One of the toughest courses to get into at UC Berkeley isn’t in the academic guide and isn’t restricted to students.
It’s the media training course developed by the campus’s Office of Communications and Public Affairs that is now online for the first time. “Media Training for Academics Or: How I Learned to Stop Worrying and Love the Spotlight,” previously offered by invitation only, is a 6-hour course on how to work effectively with print, online and broadcast news outlets.
The free, self-paced course is crafted around a series of videos and ranges from the basics — like how to prepare for media interviews — to how to write engaging op-ed pieces for local or national news outlets.
It’s open to all Berkeley faculty, staff and students, but Roxanne Makasdjian, Berkeley’s director of broadcast communications, and Diana Harvey, associate vice chancellor for communications and public affairs, say the course is particularly useful for faculty and for postdoctoral and graduate students.
“There is so much research that sits in journals and never gets communicated to the public,” Makasdjian says. “Our mission in public affairs is to do that. We want to translate for the world all of the fantastic contributions of this campus, in terms the public can understand and, hopefully, act on — with their tax-paying dollars, with their votes and in their own professional and personal lives.”
The online course came into being as part of a collaboration between Communications and Public Affairs and Berkeley’s Greater Good Science Center based on an in-person course developed by Communications and Public Affairs. The online course also includes input from Berkeley’s Digital Learning Services (DLS).
It was an immediate hit with invitees.
“I had a really great experience,” Berkeley earthquake researcher Quigkai Kong says of taking the in-person course. “I was trained as a researcher, so there wasn’t a lot of experience talking with the media. The training really prepared me for how to talk and how to get my key messages to the media. I was always afraid of talking to the media, but this taught me how to get the key messages from the research out to the public.”
Matt Sadowski, who is the Cal Band’s director, offered similar plaudits after taking the in-person course.
“I had never done anything like this before, and I found it to be very helpful,” Sadowski says. “It was structured, but flexible, which I appreciated. I had a great time, and I feel more confident in how to sell the message.”
Makasdjian says the plan is to continue to offer the one-day course while having its essence available in the bCourse online.
The course is divided into four modules, each offering several short videos, readings and exercises. All are optional, and advancing sequentially through the modules is not required. Key topics include what makes news; how to identify and develop messages for the media and deliver them; what to do when a reporter calls; preparing for an on-camera interview; writing and pitching an op-ed, blog or social media post and how to set up professional-style video interviews.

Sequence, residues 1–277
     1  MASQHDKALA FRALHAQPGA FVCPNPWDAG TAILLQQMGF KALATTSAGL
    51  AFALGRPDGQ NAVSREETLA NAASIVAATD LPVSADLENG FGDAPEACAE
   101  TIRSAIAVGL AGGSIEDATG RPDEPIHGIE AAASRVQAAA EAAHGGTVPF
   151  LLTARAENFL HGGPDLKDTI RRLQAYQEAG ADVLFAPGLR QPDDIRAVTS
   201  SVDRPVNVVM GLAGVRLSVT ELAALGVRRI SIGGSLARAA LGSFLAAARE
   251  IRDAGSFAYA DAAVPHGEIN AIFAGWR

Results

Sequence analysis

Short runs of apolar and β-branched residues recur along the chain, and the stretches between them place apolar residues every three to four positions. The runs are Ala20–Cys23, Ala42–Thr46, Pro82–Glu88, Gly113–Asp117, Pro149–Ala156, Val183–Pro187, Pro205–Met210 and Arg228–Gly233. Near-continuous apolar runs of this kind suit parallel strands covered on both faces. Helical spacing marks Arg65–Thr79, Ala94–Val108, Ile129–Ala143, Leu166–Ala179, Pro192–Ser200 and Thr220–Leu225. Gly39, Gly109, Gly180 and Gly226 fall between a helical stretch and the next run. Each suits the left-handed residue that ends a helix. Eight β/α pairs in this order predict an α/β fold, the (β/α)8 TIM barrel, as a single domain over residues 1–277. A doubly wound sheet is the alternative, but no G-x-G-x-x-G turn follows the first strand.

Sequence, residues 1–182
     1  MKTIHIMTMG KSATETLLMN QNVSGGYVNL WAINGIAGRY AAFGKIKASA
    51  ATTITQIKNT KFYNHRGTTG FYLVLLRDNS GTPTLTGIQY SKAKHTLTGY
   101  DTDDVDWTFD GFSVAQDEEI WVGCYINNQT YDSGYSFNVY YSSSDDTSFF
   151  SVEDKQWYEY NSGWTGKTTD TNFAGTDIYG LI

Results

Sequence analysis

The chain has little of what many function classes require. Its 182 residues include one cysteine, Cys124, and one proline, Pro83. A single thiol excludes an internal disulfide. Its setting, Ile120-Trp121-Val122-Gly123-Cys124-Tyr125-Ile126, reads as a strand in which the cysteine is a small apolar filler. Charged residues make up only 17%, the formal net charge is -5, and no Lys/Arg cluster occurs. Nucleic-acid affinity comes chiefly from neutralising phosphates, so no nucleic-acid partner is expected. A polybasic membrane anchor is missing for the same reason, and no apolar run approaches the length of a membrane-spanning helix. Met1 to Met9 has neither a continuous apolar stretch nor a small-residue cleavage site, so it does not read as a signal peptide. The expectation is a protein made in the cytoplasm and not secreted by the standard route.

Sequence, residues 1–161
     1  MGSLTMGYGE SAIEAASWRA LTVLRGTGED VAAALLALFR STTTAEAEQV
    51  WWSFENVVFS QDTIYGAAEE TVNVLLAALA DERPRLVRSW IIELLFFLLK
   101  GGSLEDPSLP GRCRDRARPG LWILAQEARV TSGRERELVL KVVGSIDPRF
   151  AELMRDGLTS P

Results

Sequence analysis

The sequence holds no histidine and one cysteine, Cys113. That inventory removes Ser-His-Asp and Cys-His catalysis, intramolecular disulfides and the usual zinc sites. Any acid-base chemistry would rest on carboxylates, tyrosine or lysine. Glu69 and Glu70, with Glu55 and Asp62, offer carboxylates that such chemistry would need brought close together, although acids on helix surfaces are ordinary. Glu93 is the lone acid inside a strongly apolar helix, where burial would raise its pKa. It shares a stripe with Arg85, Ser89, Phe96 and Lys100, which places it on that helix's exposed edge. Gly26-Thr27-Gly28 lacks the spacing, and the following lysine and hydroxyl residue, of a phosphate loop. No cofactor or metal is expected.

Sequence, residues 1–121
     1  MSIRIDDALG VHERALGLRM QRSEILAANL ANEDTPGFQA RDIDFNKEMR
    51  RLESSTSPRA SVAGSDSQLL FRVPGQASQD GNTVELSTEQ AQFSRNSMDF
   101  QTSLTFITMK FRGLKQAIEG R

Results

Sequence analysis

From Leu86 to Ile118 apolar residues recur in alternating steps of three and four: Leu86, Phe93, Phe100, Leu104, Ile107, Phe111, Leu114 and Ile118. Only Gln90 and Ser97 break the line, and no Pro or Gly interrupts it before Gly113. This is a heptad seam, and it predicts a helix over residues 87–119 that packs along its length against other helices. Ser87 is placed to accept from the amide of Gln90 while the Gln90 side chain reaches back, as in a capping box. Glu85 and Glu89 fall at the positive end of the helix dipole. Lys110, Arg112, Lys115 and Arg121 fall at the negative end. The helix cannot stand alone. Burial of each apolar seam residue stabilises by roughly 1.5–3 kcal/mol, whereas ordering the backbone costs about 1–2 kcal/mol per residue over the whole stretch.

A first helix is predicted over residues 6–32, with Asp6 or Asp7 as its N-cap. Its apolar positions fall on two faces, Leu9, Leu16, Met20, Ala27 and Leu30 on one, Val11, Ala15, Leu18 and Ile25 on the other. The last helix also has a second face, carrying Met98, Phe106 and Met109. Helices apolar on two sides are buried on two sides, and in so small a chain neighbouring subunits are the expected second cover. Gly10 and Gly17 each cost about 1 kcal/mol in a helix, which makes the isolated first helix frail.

Included in the course is a video with San Francisco Chronicle Opinion Page Editor Lois Kazakoff. She all but begs academics, particularly scientists, to reach out to the wider world via op-ed pieces.
“We’re desperate for you. Our democracy depends on you writing for us. We need your voice in the public conversation,” Kazakoff says. “There’s nothing more democratic than science. There’s no bigger payoff for our communities than the advances of science. We need scientists to learn to speak in the language of the people that they can understand so that they can embrace what they’re doing, what’s going on. We need people who actually know what they’re talking about so that when we’re making public policies they reflect the cleanest, the best, the most advanced science that we have.”
With no restrictions on how many individuals at Berkeley can access it at a time, the course — or just a module at a time — is available any day and at any time.
“This course is in high demand, and we simply don’t have the bandwidth to deliver it in person to everyone who is interested in it,” Harvey says. “We have developed an engaging and accessible alternative for faculty to take the course at their convenience.”
The demand is high enough that Harvey and Makasdjian are entertaining thoughts about extending the course beyond Berkeley.
Makasdjian, who has led the course with her media relations colleagues, says one bit of insight she has gained is that many academics don’t have a firm grasp on what makes a news story. The new online course tackles that head-on.
“It’s important for academics to learn how to identify and articulate why the public should care about their work,” Makasdjian says.
Makasdjian’s colleague, Stephen McNally, is a multimedia producer who shot and edited the videos used in the online course. He’s hopeful that having this course available to those at Berkeley who can be influencers will help bridge a gap that sometimes exists between the public and the media.
“There is important scientific information that needs to get out there, but we’re at a point where people don’t always trust science,” McNally says. “By having the people who do the work tell their story, maybe we can rebuild some of that trust.”
The course can be completed in about three hours, although doing the final exercise — writing an op-ed piece — will extend that time.